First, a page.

Until 2001 the Vajravarahi painting remained as it left Mr. Abe's workshop, lightly cleaned, divested of the anomalous strip at the top, mounted and framed. At that time, purposely, no attempt was made to conceal areas of paint loss. However, when readying the painting for an exhibition the Vajravarahi underwent a sophisticated restoration intended to recreate its former glory. To minimize the impact of the missing top portion, the tan-colored strip visible in figure 9 was given a more complementary color and pigment was applied to all the areas of paint loss. Most of this occurred in the central axis of the painting along a fold line acquired during long years of storage (fig16, above: compare with. 1, 9). Although perhaps to some eyes the restored painting more nearly reflects the way it must have appeared on the day of consecration, extensive in-painting now confounds the fourteenth century with the twentieth. It is essentially only the before and after photo documentation that unequivocally distinguishes which is which (figs. 17, above -18, below). In any event, questions of restoration aside, thanks to a "house call" on an August evening of 1967 there survives today for public benefit one of the largest, most magnificent, and all too rare early Nepalese paintings.
I mentioned that there was a sixth painting included in the splendid set of five I purchased in August 1967 but I did not know of its existence until the next year. It was discovered by Mr. Abe glued face down to the back of the Vajravarahi. For what reason we do not know. Regrettably, the composition of the glue used to attach it was never determined but it was extraordinarily tenacious. The hidden painting could not be separated from the painting it was backing without destroying both and had to be sacrificed. It had featured an enormous dancing Hevajra in a composition similar to the recovered Hevajra and Nairatma (fig. 11). The deity's many hands held crania containing wondrous representations of humans and animals, albeit then barely discernible because of the damage. Whatever state it was in before falling into the hands of the dealers, it was undeniably one of the paramount Nepalese paintings of the time and had it survived would have been a stunning complement to the Vajravarahi painting.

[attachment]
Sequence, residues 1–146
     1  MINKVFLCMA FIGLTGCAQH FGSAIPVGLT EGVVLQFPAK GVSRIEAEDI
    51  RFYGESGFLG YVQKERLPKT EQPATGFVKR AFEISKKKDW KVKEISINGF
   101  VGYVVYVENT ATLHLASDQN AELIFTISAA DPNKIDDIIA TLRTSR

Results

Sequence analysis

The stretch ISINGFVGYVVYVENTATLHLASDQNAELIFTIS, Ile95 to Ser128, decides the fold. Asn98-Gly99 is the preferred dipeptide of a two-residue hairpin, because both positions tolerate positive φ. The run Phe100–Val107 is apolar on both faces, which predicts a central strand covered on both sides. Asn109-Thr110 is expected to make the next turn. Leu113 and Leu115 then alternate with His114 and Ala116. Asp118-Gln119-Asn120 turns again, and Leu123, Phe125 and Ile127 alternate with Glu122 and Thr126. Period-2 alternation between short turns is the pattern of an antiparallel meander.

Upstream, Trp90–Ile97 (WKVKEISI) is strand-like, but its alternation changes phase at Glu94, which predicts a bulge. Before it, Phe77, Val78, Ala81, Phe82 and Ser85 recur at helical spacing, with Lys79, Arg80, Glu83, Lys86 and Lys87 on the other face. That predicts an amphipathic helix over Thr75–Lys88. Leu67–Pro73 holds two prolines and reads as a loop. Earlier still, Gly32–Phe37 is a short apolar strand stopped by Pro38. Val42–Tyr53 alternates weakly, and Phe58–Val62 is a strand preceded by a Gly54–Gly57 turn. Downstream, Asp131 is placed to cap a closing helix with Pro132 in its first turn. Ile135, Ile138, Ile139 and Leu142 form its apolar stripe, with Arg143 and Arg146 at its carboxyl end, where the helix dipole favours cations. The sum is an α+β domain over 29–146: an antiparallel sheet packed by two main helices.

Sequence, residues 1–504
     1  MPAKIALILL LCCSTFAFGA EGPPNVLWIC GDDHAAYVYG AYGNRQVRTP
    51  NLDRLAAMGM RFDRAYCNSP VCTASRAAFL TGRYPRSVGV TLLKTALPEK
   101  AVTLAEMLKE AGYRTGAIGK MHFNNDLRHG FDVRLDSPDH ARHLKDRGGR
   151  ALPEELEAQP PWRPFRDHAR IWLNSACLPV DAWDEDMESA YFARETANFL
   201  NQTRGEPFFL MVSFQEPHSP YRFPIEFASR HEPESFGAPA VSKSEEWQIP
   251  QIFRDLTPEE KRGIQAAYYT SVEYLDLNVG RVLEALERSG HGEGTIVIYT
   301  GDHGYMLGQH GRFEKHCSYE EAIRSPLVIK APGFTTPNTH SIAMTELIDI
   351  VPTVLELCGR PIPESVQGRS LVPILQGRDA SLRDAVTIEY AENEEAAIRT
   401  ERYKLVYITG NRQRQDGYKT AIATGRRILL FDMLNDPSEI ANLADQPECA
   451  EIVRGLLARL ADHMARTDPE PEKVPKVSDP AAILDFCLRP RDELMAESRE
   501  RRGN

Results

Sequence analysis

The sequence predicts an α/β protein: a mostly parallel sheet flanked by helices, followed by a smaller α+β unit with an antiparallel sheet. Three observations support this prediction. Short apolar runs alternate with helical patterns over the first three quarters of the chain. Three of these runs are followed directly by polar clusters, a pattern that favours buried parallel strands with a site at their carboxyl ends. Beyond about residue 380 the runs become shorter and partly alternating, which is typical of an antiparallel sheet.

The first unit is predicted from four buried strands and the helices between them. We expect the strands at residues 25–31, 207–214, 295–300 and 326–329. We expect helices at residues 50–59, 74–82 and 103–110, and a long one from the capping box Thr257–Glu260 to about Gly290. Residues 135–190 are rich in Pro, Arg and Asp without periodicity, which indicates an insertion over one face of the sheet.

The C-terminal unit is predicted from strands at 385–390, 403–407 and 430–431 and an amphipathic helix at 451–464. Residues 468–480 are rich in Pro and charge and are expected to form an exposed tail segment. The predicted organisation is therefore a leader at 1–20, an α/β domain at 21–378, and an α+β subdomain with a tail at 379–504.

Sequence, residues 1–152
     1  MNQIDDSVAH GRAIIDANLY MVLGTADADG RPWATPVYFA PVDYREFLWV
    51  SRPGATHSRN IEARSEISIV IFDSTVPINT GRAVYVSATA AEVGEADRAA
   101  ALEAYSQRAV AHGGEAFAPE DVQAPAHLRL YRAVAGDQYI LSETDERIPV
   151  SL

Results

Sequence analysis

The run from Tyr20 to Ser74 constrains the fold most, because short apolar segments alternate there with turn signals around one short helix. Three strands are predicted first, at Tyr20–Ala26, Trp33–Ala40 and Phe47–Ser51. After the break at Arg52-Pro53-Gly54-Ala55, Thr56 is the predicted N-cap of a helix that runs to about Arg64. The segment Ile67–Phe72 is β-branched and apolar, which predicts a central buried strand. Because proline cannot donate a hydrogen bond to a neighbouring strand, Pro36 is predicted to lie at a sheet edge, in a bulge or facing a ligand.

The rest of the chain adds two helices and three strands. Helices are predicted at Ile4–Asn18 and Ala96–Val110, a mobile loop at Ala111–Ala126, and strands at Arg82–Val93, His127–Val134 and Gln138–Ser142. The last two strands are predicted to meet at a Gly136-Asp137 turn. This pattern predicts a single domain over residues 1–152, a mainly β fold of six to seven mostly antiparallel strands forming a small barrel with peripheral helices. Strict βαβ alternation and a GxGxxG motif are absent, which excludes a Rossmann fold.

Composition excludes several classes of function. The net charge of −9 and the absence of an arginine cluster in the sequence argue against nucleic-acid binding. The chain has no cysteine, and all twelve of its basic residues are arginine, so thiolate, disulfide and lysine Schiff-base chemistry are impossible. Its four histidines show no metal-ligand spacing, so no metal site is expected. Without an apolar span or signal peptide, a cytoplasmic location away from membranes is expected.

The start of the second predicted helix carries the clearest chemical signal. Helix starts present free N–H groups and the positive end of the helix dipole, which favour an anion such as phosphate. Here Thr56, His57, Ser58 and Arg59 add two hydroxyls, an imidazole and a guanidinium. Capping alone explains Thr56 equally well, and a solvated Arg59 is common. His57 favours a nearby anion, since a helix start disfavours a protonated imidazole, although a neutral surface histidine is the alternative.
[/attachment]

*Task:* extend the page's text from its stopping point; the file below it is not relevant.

Throughout my transactions with Mr. T in August, I had tried to convince him to forego any further amateur "restorations" of paintings. Glue and gasoline (with which he had tried to clean some) were better left alone. Thus, mercifully, when he came with the fifth and last painting, a sixteenth-century Amoghapasa (cat. 449), it had not been doctored and the badly damaged upper part had been left undisturbed. Except for minimal cleaning and mounting carried out by Mr. Abe, then in his own atelier in Japan, it is still today in the condition in which I purchased it, providing a worthy addition to the all-too-meager corpus of early Nepalese paintings (figs. 19-21, above).